Chili can be prepared in so many ways. The most popular chili creation is the Chili Con Carne which was, in 1893, featured at the World’s Fair in Chicago in. Having its origin from the Mexican, Native American and Spanish culinary tradition, it is now a staple winter food and may be prepared Texas-style, Mexican-style or vegetarian. To recognize it, all people need to do is partake of a meal with chili.

National Kahlua Day


It’s National Kahlua Day! Kahlua is a rich, creamy alcoholic liqueur from Mexico. People enjoy it straight up, on the rocks, and mixed in coffee or cocktails (like the White Russian). Kahlua is also used to flavor desserts such as ice cream, cakes, and cheesecakes.

The word “kahlua” means “house of the Acolhua people” in the Nahuatl language. A company named Domecq has produced the drink since 1936 and named it for the native people of Veracruz. Kahlua is made with rum, Mexican coffee, sugar, and vanilla.

To celebrate National Kahlua Day, mix up your favorite Kahlua cocktail or bake a divine Kahlua-flavored cake to share with friends!

National Strawberry Day


Seeds on the outside, sweet on the inside - February 27 is  National Strawberry Day!

Even if these little red fruits bursting with sweet perfection aren't in season, that doesn't mean you can't enjoy them today!

A gift from Chile in the 1700s, garden strawberry plants made their way to North America in the 1750s. The plant is fairly easy to grow and doesn't seem adverse to flourishing anywhere in the world. If you'd like your own homegrown strawberries this summer, make sure your plant has full sun and sandy soil - and your dogs don't eat off all the berries before you can pick a few.

If fresh strawberries aren't at their best in your grocery store, don't forget the many accessible forms you can always get your hands on. Frozen and dried strawberries can help in a pinch if you're creating in the kitchen. Strawberry preserves, ice cream, yogurt, smoothies and milkshakes are nothing to shake a stick at either.

But if you are one of the lucky folks who stumbled on some great fresh strawberries, you can whip up a strawberry pie, shortcake or even a simple dish of strawberries and cream.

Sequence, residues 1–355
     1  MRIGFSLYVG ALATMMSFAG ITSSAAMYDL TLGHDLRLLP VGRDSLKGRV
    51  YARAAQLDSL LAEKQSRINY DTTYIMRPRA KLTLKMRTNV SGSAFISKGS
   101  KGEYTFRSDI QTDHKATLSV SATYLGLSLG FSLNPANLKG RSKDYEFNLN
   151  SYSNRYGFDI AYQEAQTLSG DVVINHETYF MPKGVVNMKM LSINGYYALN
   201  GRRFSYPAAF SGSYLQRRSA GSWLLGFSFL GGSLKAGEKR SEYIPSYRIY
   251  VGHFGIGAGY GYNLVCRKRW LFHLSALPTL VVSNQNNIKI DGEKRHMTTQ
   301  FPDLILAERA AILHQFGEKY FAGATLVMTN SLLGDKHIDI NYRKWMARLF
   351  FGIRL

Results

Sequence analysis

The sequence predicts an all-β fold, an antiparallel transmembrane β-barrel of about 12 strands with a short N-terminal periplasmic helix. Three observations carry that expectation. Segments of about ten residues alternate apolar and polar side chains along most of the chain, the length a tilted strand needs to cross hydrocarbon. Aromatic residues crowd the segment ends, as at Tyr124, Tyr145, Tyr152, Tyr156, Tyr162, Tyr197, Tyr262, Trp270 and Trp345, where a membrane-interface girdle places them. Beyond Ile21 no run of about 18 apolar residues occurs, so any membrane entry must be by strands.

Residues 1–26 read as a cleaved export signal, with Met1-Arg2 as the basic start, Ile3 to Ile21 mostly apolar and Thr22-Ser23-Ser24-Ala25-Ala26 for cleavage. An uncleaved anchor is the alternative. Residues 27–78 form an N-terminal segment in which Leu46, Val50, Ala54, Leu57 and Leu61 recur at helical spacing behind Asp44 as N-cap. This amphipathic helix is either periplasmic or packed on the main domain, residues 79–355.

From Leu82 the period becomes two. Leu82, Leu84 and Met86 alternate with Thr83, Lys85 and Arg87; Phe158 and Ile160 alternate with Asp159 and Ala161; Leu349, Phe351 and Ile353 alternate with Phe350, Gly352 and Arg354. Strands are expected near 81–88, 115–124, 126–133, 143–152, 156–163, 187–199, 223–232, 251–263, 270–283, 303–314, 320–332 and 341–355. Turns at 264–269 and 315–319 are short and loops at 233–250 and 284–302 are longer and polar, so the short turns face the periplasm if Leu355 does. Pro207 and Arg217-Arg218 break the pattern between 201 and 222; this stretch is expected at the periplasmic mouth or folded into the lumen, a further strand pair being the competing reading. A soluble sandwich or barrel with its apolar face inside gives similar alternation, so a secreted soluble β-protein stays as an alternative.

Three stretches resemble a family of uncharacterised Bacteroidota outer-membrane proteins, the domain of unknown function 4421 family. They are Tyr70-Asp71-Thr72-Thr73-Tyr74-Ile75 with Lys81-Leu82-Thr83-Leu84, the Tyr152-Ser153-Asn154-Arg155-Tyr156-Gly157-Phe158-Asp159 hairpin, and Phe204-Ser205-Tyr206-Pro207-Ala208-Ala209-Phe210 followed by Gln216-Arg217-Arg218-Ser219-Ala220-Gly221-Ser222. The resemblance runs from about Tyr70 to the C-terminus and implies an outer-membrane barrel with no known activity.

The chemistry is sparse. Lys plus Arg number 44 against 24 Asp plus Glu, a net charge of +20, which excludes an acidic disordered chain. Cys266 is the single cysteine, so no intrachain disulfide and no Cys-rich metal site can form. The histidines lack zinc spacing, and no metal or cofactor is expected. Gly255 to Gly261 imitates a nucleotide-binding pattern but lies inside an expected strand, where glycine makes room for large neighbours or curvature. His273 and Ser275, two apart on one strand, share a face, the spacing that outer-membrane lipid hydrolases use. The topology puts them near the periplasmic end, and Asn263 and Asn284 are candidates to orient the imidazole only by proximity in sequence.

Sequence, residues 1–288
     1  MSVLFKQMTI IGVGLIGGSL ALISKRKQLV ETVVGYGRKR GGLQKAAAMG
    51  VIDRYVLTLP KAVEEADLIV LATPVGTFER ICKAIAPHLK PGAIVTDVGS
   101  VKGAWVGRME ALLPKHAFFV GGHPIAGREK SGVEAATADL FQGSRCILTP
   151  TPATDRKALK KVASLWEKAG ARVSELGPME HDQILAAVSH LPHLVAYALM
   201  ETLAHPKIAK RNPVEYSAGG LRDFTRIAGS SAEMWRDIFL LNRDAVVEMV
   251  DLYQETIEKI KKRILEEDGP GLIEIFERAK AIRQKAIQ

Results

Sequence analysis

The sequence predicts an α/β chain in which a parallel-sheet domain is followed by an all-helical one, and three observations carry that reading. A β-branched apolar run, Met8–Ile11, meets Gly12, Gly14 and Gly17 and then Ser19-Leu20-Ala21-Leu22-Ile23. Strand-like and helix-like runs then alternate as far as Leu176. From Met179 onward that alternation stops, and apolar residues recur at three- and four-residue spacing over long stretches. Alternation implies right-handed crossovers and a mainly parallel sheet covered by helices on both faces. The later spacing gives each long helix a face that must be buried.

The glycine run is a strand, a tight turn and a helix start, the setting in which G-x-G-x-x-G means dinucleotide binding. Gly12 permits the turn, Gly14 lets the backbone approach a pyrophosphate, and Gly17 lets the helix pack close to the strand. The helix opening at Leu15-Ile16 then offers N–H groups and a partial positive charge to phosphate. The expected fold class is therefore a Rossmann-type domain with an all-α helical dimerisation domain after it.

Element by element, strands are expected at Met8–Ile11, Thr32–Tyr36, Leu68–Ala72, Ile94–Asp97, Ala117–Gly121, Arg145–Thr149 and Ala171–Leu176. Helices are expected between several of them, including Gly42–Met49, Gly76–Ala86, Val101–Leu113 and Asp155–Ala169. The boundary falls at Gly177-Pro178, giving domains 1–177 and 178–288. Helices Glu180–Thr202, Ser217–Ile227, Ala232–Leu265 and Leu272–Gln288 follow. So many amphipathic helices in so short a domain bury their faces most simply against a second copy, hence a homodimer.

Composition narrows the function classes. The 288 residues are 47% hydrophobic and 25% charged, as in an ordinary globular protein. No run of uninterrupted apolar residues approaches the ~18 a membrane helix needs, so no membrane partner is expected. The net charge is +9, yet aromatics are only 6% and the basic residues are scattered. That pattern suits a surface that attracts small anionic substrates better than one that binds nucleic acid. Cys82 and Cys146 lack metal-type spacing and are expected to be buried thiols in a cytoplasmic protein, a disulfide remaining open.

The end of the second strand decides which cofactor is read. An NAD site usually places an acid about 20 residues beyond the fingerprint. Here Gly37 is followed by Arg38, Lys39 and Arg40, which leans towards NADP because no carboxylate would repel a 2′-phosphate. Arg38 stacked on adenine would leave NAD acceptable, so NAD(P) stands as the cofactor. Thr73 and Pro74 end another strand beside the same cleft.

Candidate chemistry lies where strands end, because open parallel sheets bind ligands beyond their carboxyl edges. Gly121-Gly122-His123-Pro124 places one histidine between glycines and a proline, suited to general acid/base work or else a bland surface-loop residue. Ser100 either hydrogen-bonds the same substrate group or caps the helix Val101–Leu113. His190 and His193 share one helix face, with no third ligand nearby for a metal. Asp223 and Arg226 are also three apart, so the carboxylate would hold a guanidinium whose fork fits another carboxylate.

National Day of Action


For the past nine years, the National Peace Corps Association (NPCA) has called upon the Peace Corps community to unite for a National Day of Action.  On that day, all supporters of the Peace Corps are urged to reach out to their members of Congress to support a strong and vibrant Peace Corps.

2013 saw the largest Day of Action so far.  Along with lots of communication from all around the country, over 90 advocates were on Capitol Hill. Coming from 25 states, our advocates participated in nearly 150 congressional meetings, including 88 constituent meetings and 43 meetings with new members of Congress.  On top of that, information packets were distributed to all 535 congressional offices.

As one participant in 2013 wrote:
“It is encouraging and inspirational to see the bi-partisan support for Peace Corps among our legislators and to see the deep commitment to Peace Corps among RPCVs of all decades.  Peace Corps matters!”
No Brainer Day


In case you haven’t heard, February 27th is No Brainer Day. Since some of our daily tasks require little thought and we go about our day set on auto-pilot, it’s no wonder we have a No Brainer Day.

Since little is known about the origins of this particular just-for-fun “holiday”, how about we designate No Brainer Day as a worldwide working holiday, paid of course. It should be celebrated only during work hours, with plenty of free food, drink and entertainment on hand. Of course it goes without saying, no actual work is allowed.

So go ahead - give your brain a rest and celebrate No Brainer Day today! Then tomorrow, it's back to work we go!